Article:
The mirror was completely destroyed along with the black rubber & plastic covering the crash side bars and the bar was bent. I walked away with left side bruises and it was impossible to lift the beast (even with the help of a big guy).

I could not simply exist off the freeway because all the exists were covered with snow/ice so I had to keep riding till I found a clear/clean exist. I thought I was going to freeze to death since the seat & hand warmers almost had no effect in such severe conditions. I never wished for death as much as that day, at times it was snowing & I could not see anything. My toes were frozen along with everything else.

So I don't know how Alaska would compare but the LT is a very heavy bike and a bitch to deal with when dropped.
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post #8 of 33 Old Jan 7th, 2017, 6:35 pm Thread Starter
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Re: LT to Alaska

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Originally Posted by bmwcoolk1200 View Post
With My LT, I would make that journey today because I have addressed the final drive, the leaking main seal and O-Ring and I have an 01 and not newer where the ABS could impact my journey. Since I have attended to those short comings, I would take that journey today and only turn back for something insurmountable. I have journeys like that in my sights already!!!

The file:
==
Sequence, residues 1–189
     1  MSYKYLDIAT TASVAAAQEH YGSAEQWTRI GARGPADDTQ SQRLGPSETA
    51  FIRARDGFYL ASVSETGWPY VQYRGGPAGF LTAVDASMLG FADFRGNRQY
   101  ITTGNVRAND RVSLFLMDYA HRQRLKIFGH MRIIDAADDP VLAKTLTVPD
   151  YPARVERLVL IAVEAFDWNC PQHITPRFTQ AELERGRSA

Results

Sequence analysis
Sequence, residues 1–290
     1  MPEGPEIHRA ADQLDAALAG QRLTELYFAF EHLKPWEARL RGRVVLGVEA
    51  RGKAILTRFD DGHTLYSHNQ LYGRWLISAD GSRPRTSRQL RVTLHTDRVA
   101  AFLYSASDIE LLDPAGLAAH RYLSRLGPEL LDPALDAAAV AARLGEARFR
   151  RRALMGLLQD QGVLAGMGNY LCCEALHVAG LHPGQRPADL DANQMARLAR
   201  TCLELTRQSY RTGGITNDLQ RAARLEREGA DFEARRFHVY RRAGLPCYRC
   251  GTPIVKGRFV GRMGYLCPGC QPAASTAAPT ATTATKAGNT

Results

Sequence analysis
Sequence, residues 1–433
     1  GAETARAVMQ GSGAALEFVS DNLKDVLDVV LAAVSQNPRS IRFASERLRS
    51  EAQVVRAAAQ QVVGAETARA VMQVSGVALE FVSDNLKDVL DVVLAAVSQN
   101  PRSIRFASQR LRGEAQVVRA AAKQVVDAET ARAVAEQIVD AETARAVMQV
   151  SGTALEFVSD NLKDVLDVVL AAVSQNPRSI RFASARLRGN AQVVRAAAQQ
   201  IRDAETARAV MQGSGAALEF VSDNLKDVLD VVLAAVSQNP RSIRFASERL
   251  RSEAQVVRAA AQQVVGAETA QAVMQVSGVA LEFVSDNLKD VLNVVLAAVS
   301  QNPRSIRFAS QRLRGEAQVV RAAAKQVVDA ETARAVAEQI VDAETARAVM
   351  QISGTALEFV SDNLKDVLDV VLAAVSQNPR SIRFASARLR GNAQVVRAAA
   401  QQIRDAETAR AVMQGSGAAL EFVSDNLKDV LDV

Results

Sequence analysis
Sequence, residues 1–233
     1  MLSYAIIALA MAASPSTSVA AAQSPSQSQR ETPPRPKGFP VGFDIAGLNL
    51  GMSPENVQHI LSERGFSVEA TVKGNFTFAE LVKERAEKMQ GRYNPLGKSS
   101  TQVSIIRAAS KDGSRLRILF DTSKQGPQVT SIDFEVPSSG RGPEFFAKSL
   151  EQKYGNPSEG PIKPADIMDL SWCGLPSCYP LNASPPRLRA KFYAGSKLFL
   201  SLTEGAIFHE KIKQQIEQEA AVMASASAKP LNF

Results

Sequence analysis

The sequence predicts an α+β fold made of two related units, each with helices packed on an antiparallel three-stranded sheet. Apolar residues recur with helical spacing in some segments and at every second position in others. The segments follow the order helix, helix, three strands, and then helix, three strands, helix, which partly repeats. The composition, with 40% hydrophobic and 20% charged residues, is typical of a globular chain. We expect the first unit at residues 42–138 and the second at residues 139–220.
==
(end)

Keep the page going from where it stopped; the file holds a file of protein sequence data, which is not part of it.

I did not start this thread to count heads as to how many would or won't.
More so to see what ground I need to go over and things I have not thought about. But I value viewpoints that could help me make some sound decisions.
So thanks.

ride safe
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post #9 of 33 Old Jan 7th, 2017, 7:10 pm Thread Starter
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Re: LT to Alaska

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Originally Posted by meese View Post
Can an LT make it to Alaska?

Sure.

Is it the best choice for the ride?

No, not really.